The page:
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I'm sure all of us have seen ellipsis' on Facebook statuses (or elsewhere), and clicked "Show more" and there are only another 2 characters or so. I'd guess this is because of lazy programming, because surely there is an ideal method.

Mine counts slim characters [iIl1] as "half characters", but this doesn't get around ellipsis' looking silly when they hide barely any characters.

Is there an ideal method? Here is mine:

 * Return a string with a maximum length of <code>length</code> characters.
 * If there are more than <code>length</code> characters, then string ends with an ellipsis ("...").
 * @param text
 * @param length
 * @return
public static String ellipsis(final String text, int length)
    // The letters [iIl1] are slim enough to only count as half a character.
    length += Math.ceil(text.replaceAll("[^iIl]", "").length() / 2.0d);

    if (text.length() > length)
        return text.substring(0, length - 3) + "...";

    return text;

Language doesn't really matter, but tagged as Java because that's what I'm mostly interested in seeing.

share|improve this question
While I'm too lazy to contribute a real solution now, here's a hint to improve the 'show more' links: change them to 'show more (xyz additional characters)'. That way I know in advance whether it will be worth it... – Sean Patrick Floyd Sep 2 '10 at 9:02

10 Answers 10

up vote 57 down vote accepted

I like the idea of letting "thin" characters count as half a character. Simple and a good approximation.

The main issue with most ellipsizings however, are (imho) that they chop of words in the middle. Here is a solution taking word-boundaries into account (but does not dive into pixel-math and the Swing-API).

private final static String NON_THIN = "[^iIl1\\.,']";

private static int textWidth(String str) {
    return (int) (str.length() - str.replaceAll(NON_THIN, "").length() / 2);

public static String ellipsize(String text, int max) {

    if (textWidth(text) <= max)
        return text;

    // Start by chopping off at the word before max
    // This is an over-approximation due to thin-characters...
    int end = text.lastIndexOf(' ', max - 3);

    // Just one long word. Chop it off.
    if (end == -1)
        return text.substring(0, max-3) + "...";

    // Step forward as long as textWidth allows.
    int newEnd = end;
    do {
        end = newEnd;
        newEnd = text.indexOf(' ', end + 1);

        // No more spaces.
        if (newEnd == -1)
            newEnd = text.length();

    } while (textWidth(text.substring(0, newEnd) + "...") < max);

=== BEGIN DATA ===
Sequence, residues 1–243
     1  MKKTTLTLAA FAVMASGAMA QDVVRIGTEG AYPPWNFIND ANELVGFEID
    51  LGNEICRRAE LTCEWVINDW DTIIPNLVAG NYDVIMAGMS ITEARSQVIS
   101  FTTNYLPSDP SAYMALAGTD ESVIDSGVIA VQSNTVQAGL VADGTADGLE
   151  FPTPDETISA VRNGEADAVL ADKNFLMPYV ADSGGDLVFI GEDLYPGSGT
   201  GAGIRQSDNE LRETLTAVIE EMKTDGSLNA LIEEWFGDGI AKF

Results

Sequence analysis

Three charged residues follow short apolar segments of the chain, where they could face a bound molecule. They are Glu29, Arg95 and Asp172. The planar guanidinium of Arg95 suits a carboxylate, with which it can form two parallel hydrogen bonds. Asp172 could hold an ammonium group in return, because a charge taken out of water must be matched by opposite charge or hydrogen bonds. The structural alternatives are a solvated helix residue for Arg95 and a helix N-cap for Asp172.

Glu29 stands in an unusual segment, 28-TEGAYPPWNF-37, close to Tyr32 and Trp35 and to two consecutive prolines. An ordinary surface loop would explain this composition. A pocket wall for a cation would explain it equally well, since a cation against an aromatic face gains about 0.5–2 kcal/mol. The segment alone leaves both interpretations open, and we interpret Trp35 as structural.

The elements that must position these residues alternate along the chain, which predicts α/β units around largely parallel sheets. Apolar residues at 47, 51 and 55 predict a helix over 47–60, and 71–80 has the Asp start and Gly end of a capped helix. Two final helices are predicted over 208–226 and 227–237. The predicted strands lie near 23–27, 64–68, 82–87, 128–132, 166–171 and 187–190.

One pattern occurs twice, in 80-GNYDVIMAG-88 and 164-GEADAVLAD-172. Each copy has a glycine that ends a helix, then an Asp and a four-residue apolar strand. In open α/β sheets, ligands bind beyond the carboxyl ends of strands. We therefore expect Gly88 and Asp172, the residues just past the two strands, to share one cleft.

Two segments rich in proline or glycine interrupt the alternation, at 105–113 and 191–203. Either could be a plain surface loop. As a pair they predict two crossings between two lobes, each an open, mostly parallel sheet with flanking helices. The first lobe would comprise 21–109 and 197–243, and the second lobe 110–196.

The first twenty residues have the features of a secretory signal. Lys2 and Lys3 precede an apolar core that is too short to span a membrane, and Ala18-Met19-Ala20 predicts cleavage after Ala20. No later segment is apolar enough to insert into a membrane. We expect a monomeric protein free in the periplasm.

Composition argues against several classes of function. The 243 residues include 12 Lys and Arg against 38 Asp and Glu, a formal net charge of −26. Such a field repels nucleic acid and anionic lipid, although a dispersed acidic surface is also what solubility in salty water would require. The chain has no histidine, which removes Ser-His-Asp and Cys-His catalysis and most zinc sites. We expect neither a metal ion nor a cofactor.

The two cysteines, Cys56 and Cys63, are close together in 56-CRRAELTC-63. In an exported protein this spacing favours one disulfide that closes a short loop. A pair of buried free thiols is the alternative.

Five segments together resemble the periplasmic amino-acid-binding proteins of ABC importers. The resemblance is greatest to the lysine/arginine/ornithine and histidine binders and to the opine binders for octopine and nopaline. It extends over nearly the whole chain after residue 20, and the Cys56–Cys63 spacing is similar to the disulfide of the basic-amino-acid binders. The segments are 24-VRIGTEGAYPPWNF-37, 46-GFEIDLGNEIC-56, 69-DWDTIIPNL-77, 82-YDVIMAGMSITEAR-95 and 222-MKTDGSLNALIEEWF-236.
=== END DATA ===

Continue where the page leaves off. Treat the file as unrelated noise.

return text.substring(0, end) + "...";

A test of the algorithm looks like this:

enter image description here

share|improve this answer
I really like this one. – Amy B Sep 7 '10 at 10:18
This works pretty much out-of-the-box in C# as well! Thanx! – noocyte Sep 5 '12 at 12:20
No edits need, works perfectly. – Toby Mellor Jun 14 '15 at 10:21

I'm shocked no one mentioned Commons Lang StringUtils#abbreviate().

Update: yes it doesn't take the slim characters into account but I don't agree with that considering everyone has different screens and fonts setup and a large portion of the people that land here on this page are probably looking for a maintained library like the above.

share|improve this answer
That doesn't do what my question asks. – Amy B Sep 1 '12 at 15:42
I guess so. I missed your slim characters reference but personally I think its ridiculous and doesn't take i18n into account. Its not the ideal method and now people are going to copy and paste the above code when there is a library that already does this in a deterministic way... BTW you missed t because "t" is slim on my screen. – Adam Gent Sep 1 '12 at 16:00
Thanks the the answer Adam! StringUtils.abbreviate worked well for my use case. – Dan The Lion Jul 11 '14 at 13:14
Warning! - Your link is broken – Philip Enc Jan 13 at 12:39
@PhilipEnc Fixed. – Adam Gent Jan 13 at 14:12

It seems like you might get more accurate geometry from the Java graphics context's FontMetrics.

Addendum: In approaching this problem, it may help to distinguish between the model and view. The model is a String, a finite sequence of UTF-16 code points, while the view is a series of glyphs, rendered in some font on some device.

In the particular case of Java, one can use SwingUtilities.layoutCompoundLabel() to effect the translation. The example below intercepts the layout call in BasicLabelUI to demonstrate the effect. It may be possible to use the utility method in other contexts, but the appropriate FontMetrics would have to be be determined empirically.

alt text

import java.awt.Color;
import java.awt.EventQueue;
import java.awt.Font;
import java.awt.FontMetrics;
import java.awt.GridLayout;
import java.awt.Rectangle;
import java.awt.event.ComponentAdapter;
import java.awt.event.ComponentEvent;
import javax.swing.BorderFactory;
import javax.swing.Icon;
import javax.swing.JFrame;
import javax.swing.JLabel;
import javax.swing.JPanel;
import javax.swing.border.EmptyBorder;
import javax.swing.border.LineBorder;
import javax.swing.plaf.basic.BasicLabelUI;

/** @see http://stackoverflow.com/questions/3597550 */
public class LayoutTest extends JPanel {

    private static final String text =
        "A damsel with a dulcimer in a vision once I saw.";
    private final JLabel sizeLabel = new JLabel();